Colombia landslide kills at least 34


BOGOTA, Colombia — At least 34 people died from landslides in the northwestern Colombia department of Chocó, authorities said Saturday.

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The landslide occurred on a busy road on Friday in a mountainous area that connected the cities of Quibdo and Medellin, SkyNews reported.

The country’s National Disaster Risk Management Unit initially said that at least 18 people were killed, but updated that figure on Saturday, according to The Associated Press.

So far, 17 bodies were transferred to Medellin for forensic examination, with another 17 expected to be moved soon, CNN reported.

“We are experiencing a very sad weekend for Chocó,” Gov. Nubia Carolina Córdoba Curi said in a statement. “Our people feel the pain of the victims. I will not rest until I make sure that all Chocoans have information about their relatives.”

While Colombia is currently in the middle of a drought, the country’s Institute of Hydrology, Meteorology and Environmental Studies has warned about the dangers of heavy rains in the areas bordering the Pacific coast and the Amazon rainforest, the BBC reported.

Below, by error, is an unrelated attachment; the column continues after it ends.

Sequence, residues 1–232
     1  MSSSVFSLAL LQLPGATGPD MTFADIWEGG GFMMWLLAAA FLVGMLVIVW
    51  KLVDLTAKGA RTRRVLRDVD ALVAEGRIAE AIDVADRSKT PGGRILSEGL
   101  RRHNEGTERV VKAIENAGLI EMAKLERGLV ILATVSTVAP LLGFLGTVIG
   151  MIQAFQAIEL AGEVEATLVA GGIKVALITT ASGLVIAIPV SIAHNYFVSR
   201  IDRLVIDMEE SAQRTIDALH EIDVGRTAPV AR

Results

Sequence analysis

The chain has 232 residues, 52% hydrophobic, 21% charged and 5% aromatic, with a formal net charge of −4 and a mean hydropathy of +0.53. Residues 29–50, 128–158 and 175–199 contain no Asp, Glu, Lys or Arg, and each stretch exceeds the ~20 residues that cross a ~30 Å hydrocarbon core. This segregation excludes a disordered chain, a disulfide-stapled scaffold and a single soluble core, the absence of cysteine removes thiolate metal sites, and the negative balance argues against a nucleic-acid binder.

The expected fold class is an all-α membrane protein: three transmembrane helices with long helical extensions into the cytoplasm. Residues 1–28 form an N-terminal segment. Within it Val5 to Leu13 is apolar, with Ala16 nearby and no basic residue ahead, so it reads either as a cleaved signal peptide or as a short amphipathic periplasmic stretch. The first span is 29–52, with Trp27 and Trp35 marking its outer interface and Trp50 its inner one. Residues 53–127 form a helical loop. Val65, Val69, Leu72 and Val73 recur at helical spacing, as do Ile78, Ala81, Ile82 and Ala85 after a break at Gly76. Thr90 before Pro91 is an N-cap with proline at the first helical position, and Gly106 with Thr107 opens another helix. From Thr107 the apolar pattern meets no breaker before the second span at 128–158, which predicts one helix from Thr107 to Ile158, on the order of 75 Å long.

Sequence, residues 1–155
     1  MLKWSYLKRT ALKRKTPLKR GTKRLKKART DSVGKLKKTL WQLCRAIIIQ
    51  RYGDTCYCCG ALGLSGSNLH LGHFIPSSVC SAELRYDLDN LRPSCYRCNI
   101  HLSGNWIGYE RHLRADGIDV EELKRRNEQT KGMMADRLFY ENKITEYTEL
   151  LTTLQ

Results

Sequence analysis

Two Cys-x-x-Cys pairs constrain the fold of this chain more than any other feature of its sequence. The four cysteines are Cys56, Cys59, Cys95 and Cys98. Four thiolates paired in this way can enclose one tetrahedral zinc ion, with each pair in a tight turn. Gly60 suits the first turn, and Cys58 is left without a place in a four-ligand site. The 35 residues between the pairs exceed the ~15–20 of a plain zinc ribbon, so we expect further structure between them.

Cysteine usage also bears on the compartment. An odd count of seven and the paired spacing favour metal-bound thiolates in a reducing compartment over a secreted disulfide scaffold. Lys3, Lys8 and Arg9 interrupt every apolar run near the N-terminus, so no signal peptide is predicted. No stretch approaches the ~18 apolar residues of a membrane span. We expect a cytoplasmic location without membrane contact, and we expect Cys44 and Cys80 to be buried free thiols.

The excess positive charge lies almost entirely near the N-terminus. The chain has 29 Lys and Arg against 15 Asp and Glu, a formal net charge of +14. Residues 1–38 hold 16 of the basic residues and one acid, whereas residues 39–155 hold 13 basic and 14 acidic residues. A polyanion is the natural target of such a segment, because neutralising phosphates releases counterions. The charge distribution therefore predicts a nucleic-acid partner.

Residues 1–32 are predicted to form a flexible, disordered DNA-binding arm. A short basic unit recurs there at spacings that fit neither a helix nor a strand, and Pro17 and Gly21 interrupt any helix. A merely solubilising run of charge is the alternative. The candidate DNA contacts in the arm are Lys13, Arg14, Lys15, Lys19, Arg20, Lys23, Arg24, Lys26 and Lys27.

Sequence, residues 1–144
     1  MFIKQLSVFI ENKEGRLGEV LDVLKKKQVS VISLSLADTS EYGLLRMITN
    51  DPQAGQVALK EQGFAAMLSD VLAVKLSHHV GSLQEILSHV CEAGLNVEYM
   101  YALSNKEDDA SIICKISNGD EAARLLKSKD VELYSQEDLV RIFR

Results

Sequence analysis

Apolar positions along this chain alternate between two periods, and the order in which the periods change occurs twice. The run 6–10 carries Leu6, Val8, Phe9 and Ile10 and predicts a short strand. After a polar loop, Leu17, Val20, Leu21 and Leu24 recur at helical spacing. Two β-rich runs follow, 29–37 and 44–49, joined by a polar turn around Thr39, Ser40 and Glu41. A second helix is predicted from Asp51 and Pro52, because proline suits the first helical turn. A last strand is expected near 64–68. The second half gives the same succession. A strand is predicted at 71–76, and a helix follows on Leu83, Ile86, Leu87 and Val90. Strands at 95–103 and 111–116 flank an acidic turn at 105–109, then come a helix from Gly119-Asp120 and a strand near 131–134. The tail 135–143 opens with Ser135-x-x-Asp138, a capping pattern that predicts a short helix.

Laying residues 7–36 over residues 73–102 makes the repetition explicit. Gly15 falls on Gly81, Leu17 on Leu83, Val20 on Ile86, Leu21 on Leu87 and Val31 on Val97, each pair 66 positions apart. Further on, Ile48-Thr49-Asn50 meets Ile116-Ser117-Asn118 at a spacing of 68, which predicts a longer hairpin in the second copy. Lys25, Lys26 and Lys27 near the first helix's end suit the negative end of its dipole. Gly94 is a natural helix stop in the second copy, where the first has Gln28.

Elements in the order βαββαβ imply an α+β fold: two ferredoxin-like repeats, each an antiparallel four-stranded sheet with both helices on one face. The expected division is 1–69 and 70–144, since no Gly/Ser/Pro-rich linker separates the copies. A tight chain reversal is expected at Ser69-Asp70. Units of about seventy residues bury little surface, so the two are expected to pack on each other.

The risk management unit did not specify officially what could have caused the landslide, according to the AP.

Earlier, Colombian Vice President Francia Marquez said in a message posted on X, formerly known as Twitter, that a search continued “for people who remain trapped under the landslide.”

President Gustavo Petro tweeted that his government would provide all support needed for a “horrible tragedy,” according to SkyNews.

Colombians have experienced deadly landslides before.

In 2017, more than 200 people were killed in a landslide in the southern area of Colombia, CNN reported. That natural disaster occurred after torrential rains sent mud through the city of Mocoa.

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